By Brendon Elliott, PGA
I wrote an article last year on the topic of club fitting for young junior players. In working more with older juniors over the past two years, I felt compelled to revisit the topic of club fitting. After seeing an in-depth custom club fitting conducted with one of my teenage students, I focus this article on pre-teen and teen golfers.
To get some expert insight, I reached out to Evan Addington, store manager at Club Champion™ in Orlando, Florida. This was where my student, Emma, went through the complete fitting package that Club Champion offers – from putter to the driver, and everything in between. It was a very eye-opening three-and-a-half-hour process that gave me, Emma, and her parents some valuable insight into her game, her current club-related shortcomings, and what her potential could be if playing with properly-fit equipment.
Golf Range Magazine (GRM): Although widely overlooked, club fitting is an incredible way to maximize one’s ability to score. What would you, through the work you do at Club Champion, say to support this statement?
Evan Addington (EA): Club fitting is an extremely important part of improving scoring. Predictability is key for shooting lower scores. Knowing where you miss is huge, and in my experience, we can usually eliminate a miss through the fitting process. Once you know your miss, the game becomes much easier.
GRM: What is a club-related issue that typically plagues most golfers?
EA: I would say most golfers have inconsistency in either the weight, length, or [shaft] flexes in their bags. For example, their driver may be a softer profile stiff with a soft tip section at 60 grams, and then they have a 3-wood with a 50-gram shaft that feels much lighter to them. Usually this comes from picking clubs up here and there as opposed to doing them at the same time so we can “chart” a player’s bag and make sure everything jives.
GRM: In terms of pre-teen and teen golfers, what are typical club-related issues that hurt their games?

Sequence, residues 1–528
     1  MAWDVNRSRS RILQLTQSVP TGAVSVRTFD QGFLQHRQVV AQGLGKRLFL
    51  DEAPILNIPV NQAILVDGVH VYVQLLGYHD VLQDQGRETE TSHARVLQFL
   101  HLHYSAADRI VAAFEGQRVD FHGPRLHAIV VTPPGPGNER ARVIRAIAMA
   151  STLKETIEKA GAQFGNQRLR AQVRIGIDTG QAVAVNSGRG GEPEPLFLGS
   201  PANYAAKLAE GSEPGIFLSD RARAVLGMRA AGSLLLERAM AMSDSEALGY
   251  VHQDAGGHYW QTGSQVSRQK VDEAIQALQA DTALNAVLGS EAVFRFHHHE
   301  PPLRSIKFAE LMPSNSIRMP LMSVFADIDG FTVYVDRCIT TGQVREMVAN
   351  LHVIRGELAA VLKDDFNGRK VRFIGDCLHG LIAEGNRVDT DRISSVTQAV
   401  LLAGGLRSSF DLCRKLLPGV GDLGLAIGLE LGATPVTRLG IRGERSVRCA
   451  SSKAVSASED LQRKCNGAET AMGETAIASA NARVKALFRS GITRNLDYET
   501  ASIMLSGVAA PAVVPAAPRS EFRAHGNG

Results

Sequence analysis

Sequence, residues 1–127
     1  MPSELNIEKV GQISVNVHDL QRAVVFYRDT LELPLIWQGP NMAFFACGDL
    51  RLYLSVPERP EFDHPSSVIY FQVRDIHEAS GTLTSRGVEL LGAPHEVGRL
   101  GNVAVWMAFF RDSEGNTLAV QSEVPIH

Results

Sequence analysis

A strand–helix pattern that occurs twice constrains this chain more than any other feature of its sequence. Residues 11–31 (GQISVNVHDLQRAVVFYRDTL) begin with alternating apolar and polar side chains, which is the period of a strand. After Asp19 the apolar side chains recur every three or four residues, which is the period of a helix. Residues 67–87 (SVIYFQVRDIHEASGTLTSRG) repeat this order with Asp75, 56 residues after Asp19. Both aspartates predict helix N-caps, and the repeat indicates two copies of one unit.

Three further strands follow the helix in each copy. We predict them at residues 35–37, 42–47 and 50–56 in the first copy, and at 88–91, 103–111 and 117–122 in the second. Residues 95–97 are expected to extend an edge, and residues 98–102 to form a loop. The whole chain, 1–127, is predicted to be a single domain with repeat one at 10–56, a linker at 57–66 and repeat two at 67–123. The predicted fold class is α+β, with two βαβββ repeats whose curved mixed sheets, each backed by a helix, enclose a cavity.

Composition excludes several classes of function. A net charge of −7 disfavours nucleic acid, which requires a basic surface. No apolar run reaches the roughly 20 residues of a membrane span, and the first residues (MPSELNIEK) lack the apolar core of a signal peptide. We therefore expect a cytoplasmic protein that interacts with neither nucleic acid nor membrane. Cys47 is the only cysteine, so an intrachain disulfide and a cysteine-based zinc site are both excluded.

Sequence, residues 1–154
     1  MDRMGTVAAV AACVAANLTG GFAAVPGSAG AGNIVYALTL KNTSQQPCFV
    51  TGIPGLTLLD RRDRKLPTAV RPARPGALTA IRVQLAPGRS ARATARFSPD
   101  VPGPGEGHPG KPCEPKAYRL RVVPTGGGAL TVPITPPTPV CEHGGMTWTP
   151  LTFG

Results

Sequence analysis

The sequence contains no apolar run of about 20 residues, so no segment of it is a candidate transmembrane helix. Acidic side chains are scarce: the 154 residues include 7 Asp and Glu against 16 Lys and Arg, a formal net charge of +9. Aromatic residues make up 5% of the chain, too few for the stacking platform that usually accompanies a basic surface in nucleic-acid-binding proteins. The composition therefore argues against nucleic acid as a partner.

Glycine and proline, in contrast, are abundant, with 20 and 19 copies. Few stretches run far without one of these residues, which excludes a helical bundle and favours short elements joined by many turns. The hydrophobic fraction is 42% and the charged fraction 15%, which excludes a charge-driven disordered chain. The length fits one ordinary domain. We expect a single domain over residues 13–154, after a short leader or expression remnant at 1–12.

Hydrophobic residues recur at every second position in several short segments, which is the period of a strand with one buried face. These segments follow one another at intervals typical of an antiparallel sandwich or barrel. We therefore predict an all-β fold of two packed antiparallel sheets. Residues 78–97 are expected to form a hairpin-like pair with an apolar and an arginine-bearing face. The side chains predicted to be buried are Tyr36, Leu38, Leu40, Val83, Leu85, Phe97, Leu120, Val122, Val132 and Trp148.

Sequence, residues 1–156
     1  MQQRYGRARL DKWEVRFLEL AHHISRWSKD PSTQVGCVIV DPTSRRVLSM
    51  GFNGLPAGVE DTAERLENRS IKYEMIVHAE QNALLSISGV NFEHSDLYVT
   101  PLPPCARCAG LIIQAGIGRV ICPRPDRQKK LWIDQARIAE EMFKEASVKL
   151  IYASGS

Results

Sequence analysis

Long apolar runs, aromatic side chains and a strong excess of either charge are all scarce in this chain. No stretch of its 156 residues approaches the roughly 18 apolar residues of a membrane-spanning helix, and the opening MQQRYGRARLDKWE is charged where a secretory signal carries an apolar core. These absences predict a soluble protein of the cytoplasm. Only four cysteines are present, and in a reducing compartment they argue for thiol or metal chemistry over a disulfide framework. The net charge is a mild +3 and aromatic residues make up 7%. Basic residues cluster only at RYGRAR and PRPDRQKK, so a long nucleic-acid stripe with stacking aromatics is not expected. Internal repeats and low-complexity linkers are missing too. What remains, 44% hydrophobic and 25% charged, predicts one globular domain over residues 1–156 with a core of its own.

EA: Lengths for sure. pre-teens are tough because parents don’t know when to change equipment and it creates a ton of anxiety for certain players. Watch the golf ball. When a kid who striped it 6 months ago starts to kind of rope hook it or struggles to at least start the ball on the correct line, their clubs are probably not right for them anymore. That could be length, it could be weight, stiffness etc.
GRM: Do you have statistical data on how much a golfer improves after being fit for and purchasing the correct equipment? If not stats, what would an educated guess be?
EA: Our marketing says that on average 7/10 players gain about 20 yards off the tee. There are a few other metrics we have from other studies, but it is hard to quantify. I have a ton of testimonials from customers of mine that I use here at the shop, but so many of the improvements cannot be measured. For example, fitting someone into correct wedges or a putter. I don’t have any of my customers chart that strokes-gained info on the golf course.
GRM: In terms of the fitting process that you conduct at Club Champion, can you walk me through that?
EA: We have a ton of information on our website detailing how we go through the process, but basically, we test their clubs, explain the inefficiencies, and then we start to test shafts using a test head. Once we have the shaft, we transition and test the heads on the same shaft, isolating one variable at a time.
GRM: What are some common misconceptions golfers have in terms of equipment and how might those ideas influence their game?
EA: “I can’t play forged.” – “I’ve never hit a Titleist well.” – “I need forgiving wedges because I mishit the ball.” – “I need a mallet because I mishit my putts.”
When a club is fitted properly, many of those issues are minimized.
GRM: What advice do you have for parents of junior golfers who are transitioning out of youth golf clubs and into adult golf clubs?
EA: Trust the process of a professional who fits kids a lot. Stop reading the marketing materials out there and stop basing everything on how tall your kids are. That works well when you are talking about 6-10-year old’s; but after someone has developed a swing, we want to break away from those parameters.